learlake’s 2003 album Cedars was a moment of freshness in an increasingly stale British music scene. Aside from the developing ‘grime’ scene, spearheaded by The Streets and Dizzee Rascal, and wayward trends like neo-hair-metal (the Darkness) and mascara-stained dance-pop (Goldfrapp), Brit-Pop itself was in a state of stasis. Clearlake proved itself one of the most promising young bands who actually still used guitars.
Recorded with Simon Raymonde of the Cocteau Twins, the band layered their darkly luminous lyrics with dense fields of static and reverb. They seemed to suffocate more than drown in their own sound, and the effect gave their music a stuffy, but aspiring quality that partnered well with their morose lyrics. It was often hard to avoid lead singer Jason Pegg’s delight in the dank, but the band, and perhaps especially Raymonde’s deft production touch, buoyed their depth with a gorgeous sense of light and play.
For Amber, the band is without Raymonde. Production touches are instead led by Pegg, Steve Osborne, and Jim Abbiss. How much they can be blamed for the record’s questionable new musical signposts is unclear, but given Amber was recorded by Phill Brown—a man with a history with the leaden psychedelia and rock of Led Zeppelin and Jimi Hendrix—it’s worth mentioning
To put it bluntly, Amber steams and burns where Cedars drifted and heaved. The guitars are brought to the fore, and they give it a schizophrenic element not well suited to the band’s bristly songcraft. Instead of wistful ambience, they offer brutality in the way of crude, coarse stadium-riffing. “Good Clean Fun” sounds like the sort of reverbed rock-assault BRMC have been trying, and failing, to make for several years now, while follow-up “Here to Learn” is just bottomless power-strokes and enough distortion to make your hair dry out. “Finally Free,” however, is the weakest track here, and the one whose arrival tipped this from passable to sellable. Founded on a limp bar-rock guitar part and a prominent cowbell (?), it’s beer-belly swagger, the dance and stomp of a band that’s seemingly growing old ahead of its time and wearing too much make-up to hide the fact. I’ve heard better Tom Petty songs, “Jack and Diane” for example.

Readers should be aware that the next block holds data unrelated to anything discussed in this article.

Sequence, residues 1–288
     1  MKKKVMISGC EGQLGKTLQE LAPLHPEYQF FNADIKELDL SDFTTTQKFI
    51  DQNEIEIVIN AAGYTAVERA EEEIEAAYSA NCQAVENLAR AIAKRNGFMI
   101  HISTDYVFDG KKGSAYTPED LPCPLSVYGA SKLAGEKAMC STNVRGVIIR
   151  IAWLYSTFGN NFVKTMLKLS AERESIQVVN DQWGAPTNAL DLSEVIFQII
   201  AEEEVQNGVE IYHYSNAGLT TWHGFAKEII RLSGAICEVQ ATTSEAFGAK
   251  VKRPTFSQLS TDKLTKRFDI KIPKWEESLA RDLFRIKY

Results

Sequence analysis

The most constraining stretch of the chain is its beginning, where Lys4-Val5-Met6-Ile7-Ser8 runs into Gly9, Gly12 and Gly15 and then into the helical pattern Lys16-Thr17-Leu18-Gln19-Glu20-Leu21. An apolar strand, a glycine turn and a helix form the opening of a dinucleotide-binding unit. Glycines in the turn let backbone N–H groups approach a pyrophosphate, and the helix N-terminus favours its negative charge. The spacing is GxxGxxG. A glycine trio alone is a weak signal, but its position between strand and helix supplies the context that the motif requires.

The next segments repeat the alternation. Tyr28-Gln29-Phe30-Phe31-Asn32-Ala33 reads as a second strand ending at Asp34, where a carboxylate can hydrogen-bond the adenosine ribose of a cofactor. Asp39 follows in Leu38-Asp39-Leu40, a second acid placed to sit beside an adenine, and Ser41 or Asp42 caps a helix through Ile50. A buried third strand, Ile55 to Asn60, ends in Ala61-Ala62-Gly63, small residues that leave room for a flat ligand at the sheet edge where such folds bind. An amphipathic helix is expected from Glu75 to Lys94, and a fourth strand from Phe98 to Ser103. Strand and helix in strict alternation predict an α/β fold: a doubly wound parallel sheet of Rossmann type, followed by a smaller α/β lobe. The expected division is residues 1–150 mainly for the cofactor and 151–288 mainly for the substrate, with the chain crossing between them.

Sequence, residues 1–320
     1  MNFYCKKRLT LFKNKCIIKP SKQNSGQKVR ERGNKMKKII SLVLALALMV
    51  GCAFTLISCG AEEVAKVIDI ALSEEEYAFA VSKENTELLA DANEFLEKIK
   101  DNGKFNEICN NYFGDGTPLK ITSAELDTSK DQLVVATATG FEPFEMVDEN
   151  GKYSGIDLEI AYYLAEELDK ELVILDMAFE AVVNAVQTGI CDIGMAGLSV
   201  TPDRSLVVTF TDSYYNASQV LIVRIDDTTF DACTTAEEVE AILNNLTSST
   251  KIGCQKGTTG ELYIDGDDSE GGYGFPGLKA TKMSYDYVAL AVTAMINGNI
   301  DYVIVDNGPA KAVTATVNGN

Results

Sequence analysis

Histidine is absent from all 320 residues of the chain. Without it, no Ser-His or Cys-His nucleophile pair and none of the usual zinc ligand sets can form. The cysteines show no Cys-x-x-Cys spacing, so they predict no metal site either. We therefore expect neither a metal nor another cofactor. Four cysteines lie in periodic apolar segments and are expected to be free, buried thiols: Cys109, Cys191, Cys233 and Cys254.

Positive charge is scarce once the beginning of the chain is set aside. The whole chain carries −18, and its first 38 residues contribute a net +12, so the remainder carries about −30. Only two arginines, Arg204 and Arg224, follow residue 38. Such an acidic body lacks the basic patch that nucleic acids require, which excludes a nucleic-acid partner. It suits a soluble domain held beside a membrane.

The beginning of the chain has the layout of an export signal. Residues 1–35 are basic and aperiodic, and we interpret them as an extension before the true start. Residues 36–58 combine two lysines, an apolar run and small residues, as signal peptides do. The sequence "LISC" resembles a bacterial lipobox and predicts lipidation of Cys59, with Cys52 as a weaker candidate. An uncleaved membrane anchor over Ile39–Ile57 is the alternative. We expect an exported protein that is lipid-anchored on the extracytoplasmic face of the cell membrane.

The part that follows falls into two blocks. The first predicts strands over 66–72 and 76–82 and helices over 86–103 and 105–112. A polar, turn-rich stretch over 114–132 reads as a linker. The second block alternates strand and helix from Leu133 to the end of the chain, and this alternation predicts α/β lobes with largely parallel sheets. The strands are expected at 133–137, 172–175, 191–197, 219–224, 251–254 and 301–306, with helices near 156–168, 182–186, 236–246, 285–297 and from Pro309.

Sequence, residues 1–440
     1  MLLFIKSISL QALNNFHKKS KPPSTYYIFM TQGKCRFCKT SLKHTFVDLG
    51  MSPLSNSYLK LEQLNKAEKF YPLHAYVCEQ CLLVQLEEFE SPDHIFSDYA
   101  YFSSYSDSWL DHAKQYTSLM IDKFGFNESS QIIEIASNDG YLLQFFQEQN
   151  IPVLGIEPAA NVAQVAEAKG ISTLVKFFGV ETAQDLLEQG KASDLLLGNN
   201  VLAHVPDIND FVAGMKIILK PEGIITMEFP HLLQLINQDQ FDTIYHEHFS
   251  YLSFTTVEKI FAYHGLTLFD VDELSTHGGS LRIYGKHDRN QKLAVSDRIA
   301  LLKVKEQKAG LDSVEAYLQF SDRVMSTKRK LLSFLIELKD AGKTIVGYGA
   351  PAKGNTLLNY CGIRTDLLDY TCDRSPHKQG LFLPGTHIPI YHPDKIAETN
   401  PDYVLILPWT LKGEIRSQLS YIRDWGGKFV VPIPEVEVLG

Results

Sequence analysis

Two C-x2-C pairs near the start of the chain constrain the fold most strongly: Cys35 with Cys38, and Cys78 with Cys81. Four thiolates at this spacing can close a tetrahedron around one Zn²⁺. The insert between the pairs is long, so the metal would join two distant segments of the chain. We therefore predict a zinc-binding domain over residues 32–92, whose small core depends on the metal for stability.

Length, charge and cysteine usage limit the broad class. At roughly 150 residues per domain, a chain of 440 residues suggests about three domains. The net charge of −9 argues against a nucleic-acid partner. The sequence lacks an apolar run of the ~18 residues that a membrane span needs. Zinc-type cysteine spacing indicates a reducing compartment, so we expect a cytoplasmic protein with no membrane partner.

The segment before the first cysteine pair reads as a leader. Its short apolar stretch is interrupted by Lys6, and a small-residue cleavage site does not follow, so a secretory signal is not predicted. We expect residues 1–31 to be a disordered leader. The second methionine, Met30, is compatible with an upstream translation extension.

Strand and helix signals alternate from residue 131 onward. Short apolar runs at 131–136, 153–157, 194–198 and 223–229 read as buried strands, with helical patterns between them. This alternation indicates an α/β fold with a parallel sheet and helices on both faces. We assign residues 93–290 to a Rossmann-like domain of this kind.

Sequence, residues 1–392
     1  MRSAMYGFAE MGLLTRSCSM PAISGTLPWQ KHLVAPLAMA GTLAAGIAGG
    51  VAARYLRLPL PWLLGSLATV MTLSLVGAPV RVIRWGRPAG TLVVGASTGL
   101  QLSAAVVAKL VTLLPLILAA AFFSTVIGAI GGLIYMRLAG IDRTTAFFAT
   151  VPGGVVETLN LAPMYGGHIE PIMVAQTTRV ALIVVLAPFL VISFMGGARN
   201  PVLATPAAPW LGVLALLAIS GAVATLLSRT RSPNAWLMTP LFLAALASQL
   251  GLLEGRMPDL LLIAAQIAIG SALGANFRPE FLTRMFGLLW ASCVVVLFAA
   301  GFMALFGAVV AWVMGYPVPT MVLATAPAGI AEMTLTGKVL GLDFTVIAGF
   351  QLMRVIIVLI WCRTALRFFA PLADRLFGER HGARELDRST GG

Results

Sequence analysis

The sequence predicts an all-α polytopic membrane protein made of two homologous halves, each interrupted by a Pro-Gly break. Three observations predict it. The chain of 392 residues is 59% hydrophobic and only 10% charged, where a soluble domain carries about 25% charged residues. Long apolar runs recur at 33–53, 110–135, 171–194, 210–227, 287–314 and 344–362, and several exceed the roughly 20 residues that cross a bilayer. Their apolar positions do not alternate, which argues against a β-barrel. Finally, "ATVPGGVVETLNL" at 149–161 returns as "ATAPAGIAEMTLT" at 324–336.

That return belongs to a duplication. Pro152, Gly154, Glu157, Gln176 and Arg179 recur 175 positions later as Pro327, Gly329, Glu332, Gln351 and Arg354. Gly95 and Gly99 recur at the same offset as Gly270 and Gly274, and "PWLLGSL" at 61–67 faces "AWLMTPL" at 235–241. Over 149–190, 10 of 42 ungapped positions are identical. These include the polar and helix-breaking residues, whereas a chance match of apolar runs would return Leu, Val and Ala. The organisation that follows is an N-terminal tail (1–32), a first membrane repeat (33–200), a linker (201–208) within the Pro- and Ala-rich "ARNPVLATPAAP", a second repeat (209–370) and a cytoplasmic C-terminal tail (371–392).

But the saddest part of this new aggression is that much of Amber gleams with the fractured beauty they showed on Cedars. In fact, the opening trio is as strong as anything on that album, from the sinewy flex of “No Kind of Life” to the unutterable glow of “Getting Light Outside,” the record’s best cut, to the flutters of piano and electronics on the title track. You get misled by the way “You Can’t Have Me” begins to pulse in the strange sway of its strident guitar, or the way “Dreamt that You Died” allows you to see the sky by looking down.
Ultimately, perhaps I’ve gone too far. Clearlake are clearly talented and still capable of making a groundswelling record. Amber, however, is not only not it, but it’s reason to wonder if they’ve lost their own sense of identity in an effort to sell records to pint-swilling British punters—something they’ve alluded to in past interviews as a goal. In other words, consider this an open plea to Simon Raymonde: you can always go home again, sir. Clearlake needs you.